Nunatsiaq Online
NEWS: Iqaluit June 21, 2016 - 12:20 pm

Relax Iqalungmiut, this fire’s no dumpcano

Iqaluit firefighters expect to extinguish latest dump fire this afternoon

THOMAS ROHNER
A City of Iqaluit heavy equipment operator uses an excavator to tear apart a pile of scrap wood and metal that caught fire on the afternoon of June 20 at the city's dump site. By mid-day June 21, Iqaluit firefighters had brought the blaze under control and expected to have it completely extinguished by mid-afternoon. (PHOTO BY THOMAS ROHNER)
A City of Iqaluit heavy equipment operator uses an excavator to tear apart a pile of scrap wood and metal that caught fire on the afternoon of June 20 at the city's dump site. By mid-day June 21, Iqaluit firefighters had brought the blaze under control and expected to have it completely extinguished by mid-afternoon. (PHOTO BY THOMAS ROHNER)

No need to worry, Iqalungmiut: dumpcano has not reared its ugly head again.

A fire at the city’s bulk metal and wood collection area at the dump site, which began around 6 p.m. June 20, is expected to be fully extinguished in a matter of hours, Iqaluit Deputy Mayor Romeyn Stevenson told Nunatsiaq News June 21.

“The assistant deputy fire chief just told me there’s an area of about 10 [feet] by 10 [feet] that’s still burning. But he expects to have it completely extinguished by 2 p.m. today, if not sooner,” Stevenson said about11 a.m. June 21.

City workers and firefighters, volunteer firefighters and airport firefighters worked over night to contain and extinguish the fire, Stevenson said.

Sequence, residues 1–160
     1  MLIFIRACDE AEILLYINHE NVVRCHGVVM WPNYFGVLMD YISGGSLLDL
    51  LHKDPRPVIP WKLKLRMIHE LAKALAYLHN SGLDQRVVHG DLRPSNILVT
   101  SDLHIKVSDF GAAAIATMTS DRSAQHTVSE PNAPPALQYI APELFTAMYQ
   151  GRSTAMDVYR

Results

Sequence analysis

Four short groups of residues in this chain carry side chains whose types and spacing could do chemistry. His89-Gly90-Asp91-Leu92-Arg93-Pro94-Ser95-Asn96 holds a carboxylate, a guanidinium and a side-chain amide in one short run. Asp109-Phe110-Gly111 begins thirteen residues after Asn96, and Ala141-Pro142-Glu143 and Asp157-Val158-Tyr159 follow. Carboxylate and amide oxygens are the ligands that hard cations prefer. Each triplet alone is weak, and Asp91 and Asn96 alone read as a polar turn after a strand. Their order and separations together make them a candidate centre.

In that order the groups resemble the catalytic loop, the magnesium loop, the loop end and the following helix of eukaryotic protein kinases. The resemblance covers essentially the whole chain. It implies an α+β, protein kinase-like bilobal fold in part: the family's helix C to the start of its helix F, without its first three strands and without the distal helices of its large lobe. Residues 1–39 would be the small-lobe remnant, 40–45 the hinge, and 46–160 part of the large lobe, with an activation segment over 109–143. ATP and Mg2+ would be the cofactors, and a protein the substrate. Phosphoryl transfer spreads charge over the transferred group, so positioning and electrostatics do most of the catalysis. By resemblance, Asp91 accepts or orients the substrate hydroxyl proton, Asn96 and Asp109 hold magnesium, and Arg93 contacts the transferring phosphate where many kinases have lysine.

They did that by digging a trench between what was on fire and what wasn’t, and then systematically dousing the fire.

City fire officials will conduct an investigation into what caused the fire, Stevenson said.

But compared to the infamous four-month dump fire in 2014, dubbed “dumpcano,” this fire was short-lived and less of a nuisance, the deputy mayor said.

Some Iqaluit residents on social media called this recent fire “scrapcano.”

“This fire was cleaner than the last one, because it was just wood burning. But of course it still affects people and it’s not pleasant,” he said.

A public service announcement from the mayor June 21 explained that trucked water services would be cancelled for the day as city trucks are needed on-scene to help stamp out the final embers.

“[The] city will be able to deliver limited water to those residents who have run out of water or think they will without call-out fee. Please do not call for water delivery unless absolutely required. Regular truck services will resume tomorrow,” said Mayor Madeleine Redfern.

Stevenson said the city’s first PSA on the fire was aimed at alleviating some residents’ concern that the fire was actually in the area holding the city’s fuel storage tanks.

“From the city, it looked like the fuel storage tanks were on fire. But they were never at all in danger, it just looked that way from across the bay,” Stevenson said.

In total, about 30 city employees and other firefighters worked throughout the night to contain and extinguish the fire, Stevenson said.

“All those people need to be thanked for how hard they worked… the effort of those guys to make sure it went out as fast it did is really appreciated.”

Stevenson said the bulk metal and wood storage site is temporary; most of the material from the site should be transferred to the city dump by the end of the summer.

The Government of Nunavut also issued a PSA June 21, warning elderly, children and pregnant women to limit their exposure to smoke blowing outdoors.

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